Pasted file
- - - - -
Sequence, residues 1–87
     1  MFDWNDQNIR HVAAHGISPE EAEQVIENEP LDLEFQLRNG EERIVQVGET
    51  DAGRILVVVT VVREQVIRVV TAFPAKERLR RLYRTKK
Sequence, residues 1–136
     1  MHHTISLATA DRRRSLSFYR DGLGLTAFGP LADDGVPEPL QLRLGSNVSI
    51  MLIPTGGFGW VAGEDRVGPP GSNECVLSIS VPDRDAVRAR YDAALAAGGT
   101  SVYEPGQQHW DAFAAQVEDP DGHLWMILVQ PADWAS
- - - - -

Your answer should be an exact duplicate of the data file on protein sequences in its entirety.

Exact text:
Sequence, residues 1–87
     1  MFDWNDQNIR HVAAHGISPE EAEQVIENEP LDLEFQLRNG EERIVQVGET
    51  DAGRILVVVT VVREQVIRVV TAFPAKERLR RLYRTKK
Sequence, residues 1–136
     1  MHHTISLATA DRRRSLSFYR DGLGLTAFGP LADDGVPEPL QLRLGSNVSI
    51  MLIPTGGFGW VAGEDRVGPP GSNECVLSIS VPDRDAVRAR YDAALAAGGT
   101  SVYEPGQQHW DAFAAQVEDP DGHLWMILVQ PADWAS